It is often said: healthy mind, healthy body, healthy life. At the 882-bed Parkland Health and Hospital System in Dallas, marrying physical and behavioral health is not just a saying, but a priority across all departments.

A recent webinar from Parkland – which pointed out the grim statistics that the U.S. recorded more than 48,000 suicide-related deaths in 2018, with nearly 500,000 patients treated for self-inflicted injuries – discussed why the health system took the important steps of screening all patients for suicide risk factors. For instance, research has shown that suicide risk is under-identified, individuals who die by suicide are more likely to encounter non-psychiatric providers, and brief screenings can identify those at risk and connect them with needed treatment.

To do this, the health system had to overcome early challenges. Does Parkland have enough resources? Will these screenings cause delays in care? And, how will they track screenings and outcomes?

As the system worked through these questions, providers realized they were identifying more at-risk individuals who were engaged with their health care system for unrelated injuries and illnesses; these patients otherwise might not have connected with needed mental health services.

We recently sat down with several leaders of this work at Parkland Health and Hospital System to discuss how they brought this program to the ambulatory, inpatient and ED space and the value these screenings have brought both to their patients and the teams caring for them. On the first, David Herrman, motivational interviewing trainer of suicide risk assessment and intervention, talks about “motivational interviewing”a client-centered counseling style for eliciting behavior change – and how it has been used at Parkland to assess patients for suicide risk. Then listen to Minnie Matthews, director of global behavioral health, and Pedro Fernandez, co-chief of psychiatry and assistant professor of psychiatry at UT Southwestern Medical Center, discuss sustainable and practical approaches to marrying physical and behavioral health care. Also, hear behavioral health social work managers Jenny Esparza and Diann Francis’ thoughts on reducing suicide across the inpatient, emergency department and outpatient settings. Listen to all three podcasts here.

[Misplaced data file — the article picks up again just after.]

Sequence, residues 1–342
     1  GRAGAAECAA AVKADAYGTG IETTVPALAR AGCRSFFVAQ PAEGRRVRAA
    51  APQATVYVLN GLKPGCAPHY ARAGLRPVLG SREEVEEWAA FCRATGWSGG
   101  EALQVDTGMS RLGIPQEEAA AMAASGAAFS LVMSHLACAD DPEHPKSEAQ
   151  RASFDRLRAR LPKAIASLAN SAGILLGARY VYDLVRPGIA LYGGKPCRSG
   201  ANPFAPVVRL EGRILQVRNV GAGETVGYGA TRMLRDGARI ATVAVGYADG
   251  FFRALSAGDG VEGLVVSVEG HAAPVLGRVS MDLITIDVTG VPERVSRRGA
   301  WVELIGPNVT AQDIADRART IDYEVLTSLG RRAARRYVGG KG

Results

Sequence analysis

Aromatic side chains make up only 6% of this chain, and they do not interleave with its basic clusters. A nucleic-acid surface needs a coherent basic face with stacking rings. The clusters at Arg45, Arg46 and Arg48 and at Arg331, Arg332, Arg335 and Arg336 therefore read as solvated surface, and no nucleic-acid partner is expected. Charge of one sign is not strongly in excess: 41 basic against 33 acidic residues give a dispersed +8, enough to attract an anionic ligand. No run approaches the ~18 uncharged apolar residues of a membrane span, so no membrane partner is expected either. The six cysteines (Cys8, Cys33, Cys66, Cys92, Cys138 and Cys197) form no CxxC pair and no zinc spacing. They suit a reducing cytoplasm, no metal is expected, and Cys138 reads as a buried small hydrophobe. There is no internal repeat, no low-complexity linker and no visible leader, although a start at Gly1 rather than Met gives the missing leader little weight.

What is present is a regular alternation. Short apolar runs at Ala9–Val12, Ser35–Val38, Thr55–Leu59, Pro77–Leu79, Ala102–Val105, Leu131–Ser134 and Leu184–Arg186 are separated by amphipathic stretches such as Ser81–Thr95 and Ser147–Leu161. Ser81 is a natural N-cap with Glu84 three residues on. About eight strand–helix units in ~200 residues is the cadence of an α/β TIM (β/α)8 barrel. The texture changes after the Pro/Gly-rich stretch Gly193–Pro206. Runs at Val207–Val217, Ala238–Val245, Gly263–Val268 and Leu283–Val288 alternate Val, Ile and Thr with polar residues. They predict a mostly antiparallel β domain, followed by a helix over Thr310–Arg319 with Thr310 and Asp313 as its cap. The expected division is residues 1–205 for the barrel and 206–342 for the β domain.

As COVID-19, civil unrest and economic and political factors contribute to greater isolation and potential for increased deaths of despair, linking healthy bodies and healthy minds is a practice we all must follow.

Elisa Arespacochaga is vice president of the AHA Physician Alliance; and Rebecca Chickey is the AHA’s senior director of Behavioral Health Services, field engagement.

Related News Articles

#HealthCareInnovation Thursday Blog
If you’re like me and have been tracking the media over the past several months, then you have seen dozens of examples of rural health care leaders…
The Department of Health and Human Services and the Office of the Surgeon General Tuesday released a federal call-to-action for efforts to reduce suicide rates…
The AHA recently signed on in support of model legislation that states can use to hold health insurers accountable for discriminating against those with mental…
Physicians registered with the Drug Enforcement Administration will no longer need to meet the X-waiver requirement to prescribe treatments such as…
Dallas-based Parkland Health and Hospital System brings physical and behavioral health together by integrating suicide risk screenings in all patient visits,…
The opioid epidemic impacts all racial and ethnic groups, but attention paid to this epidemic has often neglected to include Black/African American communities…